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[mk_blockquote style=”quote-style” font_family=”none” text_size=”16″ align=”left”]I see trees of green, red roses, too. I see them bloom, for me and you. And I think to myself, “What a wonderful world.” – Louis Armstrong [/mk_blockquote]

iceland horsesI’m always on the lookout for elements of vacation that I can bring home with me. Though I’m famous for toting bags of sea shells home with me and my son is a master at finding obscure t-shirts wherever we go, I’m not talking about souvenirs. I’m talking about the feeling of being on vacation – the spaciousness of each day, the “let’s just see what the day brings” mindset and the wide-eyed sense of wonder that comes from experiencing a new place.

I know that it’s fanciful to hope that regular life can be as free and easy as vacation. But the two trips that I’ve been fortunate enough to take this month have taught me that there is something about being on vacation that translates easily and powerfully to life at home. We drove 1200 miles during our time in Iceland. It’s not a stretch to say that we were gazing out the window in awe at our surroundings for every one of those miles. Even when we weren’t out of the car and exploring, we were intensely in tune with the world around us – celebrating its beauty, allowing it to stir up our emotions, awash in gratitude to be able to see these sights.

I was much closer to home last week – and drove only about 5 miles in 7 days – but the world around me played a significant role in the joy I found as I vacationed on the beach in Stone Harbor, NJ. During my daily walks to the tip of the island I marveled at the changing beauty of the coast. Though I walked at low tide each day, the beach was never the same. Tide pools moved and the colors of the water changed dramatically. The sky was as changeable as the sea – shifting from vivid, bright blue with cotton-white clouds to a blue so faint it was almost white.

stone harbor pointBut it wasn’t just the beach and the ocean that captivated me. Walking into town, I found myself paying close attention the houses I passed and the festive shop windows. Sitting on our front porch, the nature of the light at different times of day caught my attention. Leaving the air conditioned house, I found myself relishing the feeling of the warm, humid air on my skin. It crossed my mind that I was experiencing a place I’ve visited for years with the same sense of wonder with which I explored a far-away country.

This week, as I’ve bounced around the town I’ve called home for 15 years, I’m finding that I’ve managed to bring home a wonderful souvenir from our travels – a keen awareness of my surroundings. I’ve found myself taking a deep breath as I appreciate with clear eyes the rolling green fields dotted with beautiful, black cattle on the way to my children’s voice lessons. I’ve strolled through town smiling at the familiar shop windows much as I did when at the beach. Even the view out the window of my own backyard – the hummingbird that visits my hibiscus, the boxwood hedge stretching toward the sun, and the ferns waving in the shade by the fence – makes me feel grateful that I can experience such beauty whenever I want.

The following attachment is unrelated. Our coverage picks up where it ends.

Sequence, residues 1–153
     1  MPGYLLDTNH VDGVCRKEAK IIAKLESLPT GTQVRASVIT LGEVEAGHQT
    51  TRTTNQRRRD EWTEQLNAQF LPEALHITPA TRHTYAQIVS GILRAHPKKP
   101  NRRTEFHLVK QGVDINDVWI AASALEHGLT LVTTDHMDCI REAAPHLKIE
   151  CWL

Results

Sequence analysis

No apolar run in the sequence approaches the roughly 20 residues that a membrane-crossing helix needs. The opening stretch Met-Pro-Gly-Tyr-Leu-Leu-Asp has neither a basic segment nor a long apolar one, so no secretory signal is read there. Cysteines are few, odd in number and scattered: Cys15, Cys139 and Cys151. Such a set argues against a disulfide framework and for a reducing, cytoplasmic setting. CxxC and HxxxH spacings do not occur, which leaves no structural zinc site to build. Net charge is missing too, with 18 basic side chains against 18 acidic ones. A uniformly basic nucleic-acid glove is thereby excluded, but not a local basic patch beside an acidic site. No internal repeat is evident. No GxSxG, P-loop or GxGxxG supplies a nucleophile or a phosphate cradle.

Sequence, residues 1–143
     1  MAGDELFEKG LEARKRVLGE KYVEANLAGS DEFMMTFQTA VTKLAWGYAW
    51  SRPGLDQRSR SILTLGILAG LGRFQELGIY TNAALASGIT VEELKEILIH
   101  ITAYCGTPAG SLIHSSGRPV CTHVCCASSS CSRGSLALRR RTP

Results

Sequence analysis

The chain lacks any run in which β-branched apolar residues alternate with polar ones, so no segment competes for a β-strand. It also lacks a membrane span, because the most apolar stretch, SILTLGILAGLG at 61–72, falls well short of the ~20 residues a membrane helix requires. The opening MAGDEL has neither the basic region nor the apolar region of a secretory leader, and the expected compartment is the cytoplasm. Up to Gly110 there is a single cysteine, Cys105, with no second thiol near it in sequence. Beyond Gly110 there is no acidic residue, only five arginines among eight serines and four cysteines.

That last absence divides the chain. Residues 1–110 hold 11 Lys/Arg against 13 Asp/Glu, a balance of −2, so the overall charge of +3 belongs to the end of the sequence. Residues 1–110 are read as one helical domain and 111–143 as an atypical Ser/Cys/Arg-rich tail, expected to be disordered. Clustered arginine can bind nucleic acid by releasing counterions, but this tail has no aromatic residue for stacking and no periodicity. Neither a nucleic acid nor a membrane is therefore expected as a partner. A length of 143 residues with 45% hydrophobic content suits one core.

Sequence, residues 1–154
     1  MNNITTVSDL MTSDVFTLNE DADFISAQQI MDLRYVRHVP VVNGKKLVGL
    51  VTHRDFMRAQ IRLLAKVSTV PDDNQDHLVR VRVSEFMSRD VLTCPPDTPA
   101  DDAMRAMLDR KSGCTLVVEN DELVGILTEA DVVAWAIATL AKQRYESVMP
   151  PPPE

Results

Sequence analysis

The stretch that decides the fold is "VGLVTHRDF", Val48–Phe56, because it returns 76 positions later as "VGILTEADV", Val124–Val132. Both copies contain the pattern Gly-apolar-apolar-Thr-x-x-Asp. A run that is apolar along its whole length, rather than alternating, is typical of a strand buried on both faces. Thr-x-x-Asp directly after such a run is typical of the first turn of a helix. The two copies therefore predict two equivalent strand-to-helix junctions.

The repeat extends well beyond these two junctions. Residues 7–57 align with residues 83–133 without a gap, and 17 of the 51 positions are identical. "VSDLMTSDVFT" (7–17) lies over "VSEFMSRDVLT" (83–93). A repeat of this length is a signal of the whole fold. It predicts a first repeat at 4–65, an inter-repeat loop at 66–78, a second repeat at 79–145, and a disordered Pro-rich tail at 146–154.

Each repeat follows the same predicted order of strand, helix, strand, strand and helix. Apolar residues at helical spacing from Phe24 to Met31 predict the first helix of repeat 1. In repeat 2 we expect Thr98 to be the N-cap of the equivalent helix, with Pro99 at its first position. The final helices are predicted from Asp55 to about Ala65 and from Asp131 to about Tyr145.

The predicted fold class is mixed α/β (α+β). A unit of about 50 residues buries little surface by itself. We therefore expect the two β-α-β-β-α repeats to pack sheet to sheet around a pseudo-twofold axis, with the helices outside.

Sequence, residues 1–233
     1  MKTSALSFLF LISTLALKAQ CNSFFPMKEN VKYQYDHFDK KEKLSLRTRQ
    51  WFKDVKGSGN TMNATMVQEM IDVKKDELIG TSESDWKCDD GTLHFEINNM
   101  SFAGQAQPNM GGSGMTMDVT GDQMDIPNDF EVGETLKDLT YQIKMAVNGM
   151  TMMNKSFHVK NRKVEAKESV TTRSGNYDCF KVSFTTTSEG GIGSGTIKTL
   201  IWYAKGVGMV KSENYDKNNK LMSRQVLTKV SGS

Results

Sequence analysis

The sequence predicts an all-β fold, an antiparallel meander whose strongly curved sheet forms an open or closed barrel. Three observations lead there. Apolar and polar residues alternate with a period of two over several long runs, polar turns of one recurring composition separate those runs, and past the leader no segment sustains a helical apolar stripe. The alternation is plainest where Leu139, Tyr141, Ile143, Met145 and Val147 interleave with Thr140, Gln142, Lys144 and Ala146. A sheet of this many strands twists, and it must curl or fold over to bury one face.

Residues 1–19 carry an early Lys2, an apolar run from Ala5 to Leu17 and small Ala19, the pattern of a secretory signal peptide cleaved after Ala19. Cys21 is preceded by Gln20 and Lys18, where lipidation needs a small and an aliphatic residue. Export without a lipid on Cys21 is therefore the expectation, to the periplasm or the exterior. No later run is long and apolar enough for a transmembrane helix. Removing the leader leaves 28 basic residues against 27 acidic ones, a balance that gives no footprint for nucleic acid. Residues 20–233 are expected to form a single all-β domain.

ardrossan cowsUntil I developed a yoga practice, I’m not sure I understood that awareness is a skill like any other. It can be sharpened with practice and can become dull without. As we move and breathe on our mats, we allow ourselves to be fully absorbed in our experience of the moment. With practice, we discover that a single exhale in downward facing dog can be as changeable and fascinating as the scenery on a drive alongside a glacier in Iceland. With practice, we realize that in the space of a single inhale our entire forward fold can open and change as much as the beach does from one day to the next. With practice, we become reluctant to miss any of these experiences. We strengthen our resolve to avoid distractions. We become determined (and – more importantly – able) to pay keen attention to everything.

On our yoga mats, we focus so intensely on what we’re doing and feeling that our awareness of our surroundings – be it the room we’re in or the people around us – fades away. This can seem the opposite of the vacation-induced awareness I’ve been relishing lately. But yoga has a way of turning itself inside out. We devote time to care for ourselves in order to be better able to care for the people in our lives. We embark on a practice of change and discover that we’re better able to accept and embrace ourselves as we are. And (drum roll, please) we turn our senses from the world around us to focus within, only to discover that we’ve managed to hone our awareness so that we’re better able to appreciate the world around us.

As you move through your day today, I invite you to lavish your attention on the world around you. Notice the big things and the small. Feel the wind on your skin. Really see the sights along your way – maybe even stop and explore like a tourist in your own life. I promise, you will discover a sense of awe and gratitude at being able to experience this wonderful world that will brighten every corner of your life.